This post was published at World Alternative Media
Unless used for capital improvements, any new Illinois State borrowing, regardless of security structure, will amount to nothing more than kicking the can further down the road. Markets remain open to uncreditworthy government borrows longer than they should. In a low interest rate environment, investors will stretch credit standards. Benchmark bond ratings are at variance with the rating agencies. ***
Everyone knows Illinois’ financial condition is poor. Conventional thinking seems to be that a bond default, should that happen, would be many years in the future. Pardon me, but wasn’t that the thinking right up to Puerto Rico’s, ‘We can’t pay’ announcement?
To answer the question of just how badly off is Illinois, I assembled a list of key creditworthiness indicators and applied them to New York, a highly rated state, and Illinois.
This post was published at Zero Hedge on Oct 18, 2017.
Something big is afoot in the Shanghai Gold market. It seems that we are at the door of the RESET finally, with China being betrayed by the USGovt and USFed in concerted collusion. The attempt to reduce the USDollar while maintaining ultra-low bond yields seems the final straw. The inference is made that the jig is up finally, and a significant turning point is upon us.
A contact at Evolution Consulting has reported that his best contact notified him that VIPs are being invited to take tours of the Shanghai Gold Exchange operation. This man was among one of the guests. These tours are not being arranged in some congenial welcoming event, not at all. Rather they are informational and official in granted preview. They are almost surely being staged to inform the opposition that it is all over for them now. With a cherry on top, the VIP guests were required to pay for the tour. The above juicy tidbit was provided by a client, passing the word along. Something big is afoot.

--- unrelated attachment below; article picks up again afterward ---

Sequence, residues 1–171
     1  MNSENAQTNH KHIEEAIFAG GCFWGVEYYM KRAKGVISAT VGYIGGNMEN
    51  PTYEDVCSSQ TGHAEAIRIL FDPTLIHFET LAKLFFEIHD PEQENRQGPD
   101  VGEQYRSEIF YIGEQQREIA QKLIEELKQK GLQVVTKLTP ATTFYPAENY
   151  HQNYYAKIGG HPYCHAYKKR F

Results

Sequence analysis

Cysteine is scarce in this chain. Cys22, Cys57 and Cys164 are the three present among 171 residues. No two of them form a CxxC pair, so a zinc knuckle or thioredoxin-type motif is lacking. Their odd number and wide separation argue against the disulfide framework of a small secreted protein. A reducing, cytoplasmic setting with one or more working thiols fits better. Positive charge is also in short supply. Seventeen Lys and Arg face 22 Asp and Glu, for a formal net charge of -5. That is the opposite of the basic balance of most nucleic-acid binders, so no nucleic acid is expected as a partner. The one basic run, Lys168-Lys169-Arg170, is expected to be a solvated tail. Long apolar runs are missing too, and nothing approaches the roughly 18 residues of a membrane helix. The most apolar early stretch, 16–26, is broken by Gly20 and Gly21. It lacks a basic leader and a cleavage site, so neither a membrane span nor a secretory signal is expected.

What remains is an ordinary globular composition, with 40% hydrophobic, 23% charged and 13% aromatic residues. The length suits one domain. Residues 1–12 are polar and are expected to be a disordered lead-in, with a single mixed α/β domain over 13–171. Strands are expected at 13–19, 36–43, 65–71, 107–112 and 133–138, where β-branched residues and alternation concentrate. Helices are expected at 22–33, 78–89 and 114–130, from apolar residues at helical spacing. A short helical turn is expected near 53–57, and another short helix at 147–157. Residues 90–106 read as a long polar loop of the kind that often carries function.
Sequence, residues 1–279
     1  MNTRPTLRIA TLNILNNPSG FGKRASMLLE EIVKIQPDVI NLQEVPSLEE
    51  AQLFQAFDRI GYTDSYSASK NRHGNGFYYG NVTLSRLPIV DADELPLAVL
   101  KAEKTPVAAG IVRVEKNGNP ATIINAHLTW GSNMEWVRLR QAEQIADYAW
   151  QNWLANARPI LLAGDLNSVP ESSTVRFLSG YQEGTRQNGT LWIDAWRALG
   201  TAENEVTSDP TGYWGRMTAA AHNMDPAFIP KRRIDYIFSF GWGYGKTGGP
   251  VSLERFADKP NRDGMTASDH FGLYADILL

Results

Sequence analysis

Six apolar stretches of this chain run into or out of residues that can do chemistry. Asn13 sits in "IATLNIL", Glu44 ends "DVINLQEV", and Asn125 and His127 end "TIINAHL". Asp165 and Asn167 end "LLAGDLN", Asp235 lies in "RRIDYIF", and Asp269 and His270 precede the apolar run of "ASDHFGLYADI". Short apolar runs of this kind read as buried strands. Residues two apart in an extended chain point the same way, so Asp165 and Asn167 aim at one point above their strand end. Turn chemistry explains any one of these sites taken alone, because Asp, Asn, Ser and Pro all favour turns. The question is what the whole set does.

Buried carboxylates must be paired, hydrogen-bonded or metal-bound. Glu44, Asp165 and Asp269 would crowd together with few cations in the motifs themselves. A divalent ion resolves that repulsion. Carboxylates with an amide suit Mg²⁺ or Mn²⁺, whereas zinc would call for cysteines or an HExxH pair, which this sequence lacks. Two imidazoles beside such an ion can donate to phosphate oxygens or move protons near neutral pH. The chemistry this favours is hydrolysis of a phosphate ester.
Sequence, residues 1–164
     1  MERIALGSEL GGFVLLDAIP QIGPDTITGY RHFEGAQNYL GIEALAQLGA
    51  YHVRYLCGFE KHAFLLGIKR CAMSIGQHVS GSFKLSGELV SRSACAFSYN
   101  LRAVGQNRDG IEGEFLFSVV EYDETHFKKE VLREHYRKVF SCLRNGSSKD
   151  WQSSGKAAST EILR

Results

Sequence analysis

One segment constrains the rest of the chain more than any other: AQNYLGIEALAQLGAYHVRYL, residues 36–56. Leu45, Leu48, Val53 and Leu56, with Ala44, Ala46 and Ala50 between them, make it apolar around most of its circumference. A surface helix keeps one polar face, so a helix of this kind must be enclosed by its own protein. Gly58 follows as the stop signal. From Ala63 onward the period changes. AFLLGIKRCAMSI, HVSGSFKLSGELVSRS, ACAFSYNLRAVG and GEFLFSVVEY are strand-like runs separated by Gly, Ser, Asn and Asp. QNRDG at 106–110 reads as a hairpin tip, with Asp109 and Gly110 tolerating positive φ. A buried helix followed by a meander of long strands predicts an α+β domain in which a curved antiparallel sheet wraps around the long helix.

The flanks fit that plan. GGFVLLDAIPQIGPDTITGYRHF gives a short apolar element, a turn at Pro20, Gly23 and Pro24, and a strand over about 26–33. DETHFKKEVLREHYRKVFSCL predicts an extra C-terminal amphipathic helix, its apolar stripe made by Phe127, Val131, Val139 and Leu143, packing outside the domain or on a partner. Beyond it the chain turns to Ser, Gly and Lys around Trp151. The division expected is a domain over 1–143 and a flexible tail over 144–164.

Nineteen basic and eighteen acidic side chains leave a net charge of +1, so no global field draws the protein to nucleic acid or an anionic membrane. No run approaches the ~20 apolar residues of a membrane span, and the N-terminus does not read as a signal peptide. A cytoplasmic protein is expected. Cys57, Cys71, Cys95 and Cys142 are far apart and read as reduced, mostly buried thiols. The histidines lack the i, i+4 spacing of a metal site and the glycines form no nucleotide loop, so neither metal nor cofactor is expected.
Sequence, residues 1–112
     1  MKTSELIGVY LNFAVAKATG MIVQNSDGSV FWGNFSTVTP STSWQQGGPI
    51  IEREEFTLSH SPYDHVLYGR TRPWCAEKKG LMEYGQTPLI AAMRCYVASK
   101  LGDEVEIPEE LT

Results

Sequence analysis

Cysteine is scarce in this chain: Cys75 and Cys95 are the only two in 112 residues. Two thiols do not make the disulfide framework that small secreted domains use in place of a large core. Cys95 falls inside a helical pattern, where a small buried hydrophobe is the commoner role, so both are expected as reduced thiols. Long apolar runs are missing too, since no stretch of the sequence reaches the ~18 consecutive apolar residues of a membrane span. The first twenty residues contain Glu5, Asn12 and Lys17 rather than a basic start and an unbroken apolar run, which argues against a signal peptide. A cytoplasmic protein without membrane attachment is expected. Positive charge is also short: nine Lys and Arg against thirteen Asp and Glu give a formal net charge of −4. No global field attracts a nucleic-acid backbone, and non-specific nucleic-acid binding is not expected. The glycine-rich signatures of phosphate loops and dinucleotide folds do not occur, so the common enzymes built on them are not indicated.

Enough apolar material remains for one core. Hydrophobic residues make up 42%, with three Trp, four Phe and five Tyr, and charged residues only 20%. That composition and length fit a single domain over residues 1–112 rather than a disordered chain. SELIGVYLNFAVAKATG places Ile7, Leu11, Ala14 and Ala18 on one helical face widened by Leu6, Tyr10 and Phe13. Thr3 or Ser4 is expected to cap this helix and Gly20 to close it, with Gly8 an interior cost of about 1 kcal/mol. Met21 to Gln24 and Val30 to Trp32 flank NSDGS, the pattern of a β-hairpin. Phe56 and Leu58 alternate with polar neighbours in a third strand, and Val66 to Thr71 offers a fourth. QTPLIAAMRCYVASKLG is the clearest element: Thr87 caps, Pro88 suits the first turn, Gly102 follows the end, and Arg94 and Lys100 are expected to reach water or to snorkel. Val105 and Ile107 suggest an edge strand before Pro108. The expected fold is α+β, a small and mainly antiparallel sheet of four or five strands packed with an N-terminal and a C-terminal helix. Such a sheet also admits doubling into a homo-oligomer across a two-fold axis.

CHINA CHANGED POSITION
China seems to have changed its position toward aggressive in the gold market introduction with gusto and emphasis. Conclude easily that where there is smoke, there is fire, and the heat will be on physical gold metal demand in Asia. In turn the pressure will be put on the USDollar, whose custodians are not honorable and for perhaps the last time, have betrayed the Chinese. Lower USDollar valuation combined with already chronic low bond yield could have turned the Chinese hostile in the wake of the USFed rate hike. The Jackass raises the conjecture (stronger and more classy than guess) that the USGovt and its bankster masters lied to China about a rate hike, and the Chinese are very angry. The sleazy central banker crew defaulted on the gold lease from 1999, evident in 2014. The same sleazy vile crew have used tricks like bank derivatives to create phony bond demand, tricks like Reverse REPO to undo the last rate hike by ramping up to dangerous levels the bond leverage, alongside massive bond default on legacy bonds from nearly a century ago. The fact that a bond is old does not invalidate the bond’s integrity and requirement for honoring it. The criminal central banker crew in all likelihood stole at least $3 trillion in Saudi USTBonds as well, which serve as ESFund core. China has probably seen enough, and will proceed with the Global Currency RESET. Their nation is under stress, and the imposition of the Gold Standard should right their course well enough, even if it derails the United States to the point of entry into the Third World.
This post was published at GoldSeek on 17 March 2017.